Sunday, June 20

Belize Prisoner of Arrest of Partner of Ashcroft’s Son for Officer Death | Belize


TO night walk in the moonlight, then a sudden and fatal shot. What exactly happened between the socialite couple of the son of a billionaire Tory donor and a senior police officer in the early hours of last Friday at the seaside resort of Mata Rocks has taken over the small Caribbean nation of Belize and has become in an international drama. Now it is an important test for the legal and criminal system of the country.

This week, a 32-year-old Canadian woman, Jasmine Hartin, was charged with the negligent murder of a local police superintendent, Henry Jemmott. The case has attracted attention because Hartin is a partner of Andrew Ashcroft, son of Michael Ashcroft, the Conservative party donor and the most influential resident of Belize. Lord Ashcroft is a former vice chairman of the Conservative party, a member of the House of Lords, and a billionaire.

Hartin is currently in the Belize Central Jail awaiting a bond hearing next week. According to police, he met Jemmott on Ambergris Caye, the northernmost point of Belize, known for its beaches, coral reefs and snorkeling. Hartin had previously been to a party with Andrew Ashcroft in the city of San Pedro. Then he went for a walk with Jemmott, who was off duty.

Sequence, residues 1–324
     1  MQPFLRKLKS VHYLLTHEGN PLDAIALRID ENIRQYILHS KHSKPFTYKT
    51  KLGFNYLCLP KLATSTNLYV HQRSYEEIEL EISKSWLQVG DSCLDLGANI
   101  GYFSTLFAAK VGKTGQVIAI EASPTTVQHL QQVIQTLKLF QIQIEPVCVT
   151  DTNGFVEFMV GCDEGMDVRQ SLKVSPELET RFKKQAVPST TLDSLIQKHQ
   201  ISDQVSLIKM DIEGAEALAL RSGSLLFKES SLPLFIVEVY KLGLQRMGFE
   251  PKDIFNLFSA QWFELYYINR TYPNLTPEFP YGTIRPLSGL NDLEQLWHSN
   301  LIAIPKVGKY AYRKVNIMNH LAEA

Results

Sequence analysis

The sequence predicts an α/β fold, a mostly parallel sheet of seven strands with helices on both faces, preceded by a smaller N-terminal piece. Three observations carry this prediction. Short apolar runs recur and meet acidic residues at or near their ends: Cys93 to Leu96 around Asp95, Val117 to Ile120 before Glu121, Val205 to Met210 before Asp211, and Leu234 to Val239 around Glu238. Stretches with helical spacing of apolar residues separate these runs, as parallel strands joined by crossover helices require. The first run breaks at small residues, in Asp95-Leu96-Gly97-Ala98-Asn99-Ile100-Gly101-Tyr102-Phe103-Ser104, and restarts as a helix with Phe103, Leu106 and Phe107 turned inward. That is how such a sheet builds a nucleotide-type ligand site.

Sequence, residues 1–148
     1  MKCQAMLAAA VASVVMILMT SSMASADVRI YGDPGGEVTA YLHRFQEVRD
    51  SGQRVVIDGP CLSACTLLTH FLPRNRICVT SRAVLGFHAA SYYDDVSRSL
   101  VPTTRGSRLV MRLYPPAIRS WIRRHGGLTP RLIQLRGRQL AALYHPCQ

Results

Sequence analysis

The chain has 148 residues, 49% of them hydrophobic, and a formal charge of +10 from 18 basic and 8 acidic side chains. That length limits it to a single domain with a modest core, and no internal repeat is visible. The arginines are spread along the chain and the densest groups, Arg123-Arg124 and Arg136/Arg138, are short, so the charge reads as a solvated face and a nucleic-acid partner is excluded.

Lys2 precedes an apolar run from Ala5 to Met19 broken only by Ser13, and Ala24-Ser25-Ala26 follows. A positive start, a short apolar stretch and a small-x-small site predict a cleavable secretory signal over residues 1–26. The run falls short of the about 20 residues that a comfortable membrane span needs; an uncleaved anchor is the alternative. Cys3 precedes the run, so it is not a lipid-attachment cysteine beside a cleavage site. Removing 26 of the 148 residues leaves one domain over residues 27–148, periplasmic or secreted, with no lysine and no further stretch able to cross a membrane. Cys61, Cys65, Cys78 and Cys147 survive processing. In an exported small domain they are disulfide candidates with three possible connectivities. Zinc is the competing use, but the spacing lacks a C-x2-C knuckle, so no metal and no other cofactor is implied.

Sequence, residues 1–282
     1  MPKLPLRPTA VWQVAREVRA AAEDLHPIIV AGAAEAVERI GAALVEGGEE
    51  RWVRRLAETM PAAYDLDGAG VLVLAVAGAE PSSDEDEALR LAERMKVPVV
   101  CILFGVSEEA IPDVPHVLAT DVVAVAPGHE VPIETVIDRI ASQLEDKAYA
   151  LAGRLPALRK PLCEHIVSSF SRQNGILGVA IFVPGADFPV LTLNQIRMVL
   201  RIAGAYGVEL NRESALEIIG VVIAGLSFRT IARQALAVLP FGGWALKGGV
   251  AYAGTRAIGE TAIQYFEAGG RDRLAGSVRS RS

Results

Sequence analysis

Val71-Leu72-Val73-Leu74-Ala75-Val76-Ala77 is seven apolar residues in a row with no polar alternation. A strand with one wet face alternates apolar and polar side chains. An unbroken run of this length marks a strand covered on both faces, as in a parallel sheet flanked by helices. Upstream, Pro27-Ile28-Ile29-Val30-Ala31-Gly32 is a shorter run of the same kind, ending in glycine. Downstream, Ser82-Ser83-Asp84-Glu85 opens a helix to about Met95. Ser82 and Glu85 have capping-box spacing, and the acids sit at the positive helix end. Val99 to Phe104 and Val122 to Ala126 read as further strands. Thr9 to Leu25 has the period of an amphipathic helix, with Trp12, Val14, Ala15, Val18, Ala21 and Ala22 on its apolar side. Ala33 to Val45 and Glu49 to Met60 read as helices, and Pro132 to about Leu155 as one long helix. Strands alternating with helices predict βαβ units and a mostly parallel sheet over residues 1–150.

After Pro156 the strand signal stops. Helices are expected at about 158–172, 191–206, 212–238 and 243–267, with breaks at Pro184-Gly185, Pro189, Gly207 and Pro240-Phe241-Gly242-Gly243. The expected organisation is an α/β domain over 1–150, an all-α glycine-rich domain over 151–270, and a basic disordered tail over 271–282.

The couple sat together at the end of a pier. Jemmott allegedly showed him his Glock service pistol. When he returned it to him, he accidentally shot himself, he told police, shooting Jemmott in the back of the neck. The officer, a burly man, 1.82 meters (6 feet) tall, weighing more than 135 kg (300 pounds), rolled into the sea, dead. Hartin, who said she had been giving her a massage, was found distraught and covered in blood.

They took her to the San Pedro jail and then transferred her to the main jail on Tuesday. His defense attorney, Godfrey Smith, a former Belizean foreign minister, requested bail. Prosecutors have objected, suggesting that Hartin is a flight risk. During a hearing on Wednesday, the judge in the case, Judge Herbert Lord, expressed disapproval of the frenzied tabloid coverage. A new hearing is scheduled for June 9.

Friends and relatives have described Jemmott as a tough and ambitious officer, who earned a reputation for cleaning up the drug-riddled Southside neighborhood of Belize City. He was the father of six, an enthusiastic drummer and a likely future police commissioner, they said. “My brother loved life. He has a passion for his work. He also loved his family. My brother loved people ”, his sister Marie said 7 News, a local television station.

Henry jemmott
Henry Jemmott was the father of six children, an enthusiastic drummer, and viewed as a likely future police commissioner. Photography: Facebook

Belize Police Commissioner Chester Williams said: “Personally, I knew Mr. Jemmott very well. Sometimes we clash, but at the end of the day, we both have this department’s best interest at heart. Mr. Jemmott was one of those people who really challenged me. And that was his style: ambitious, assertive, but also a devoted family man. “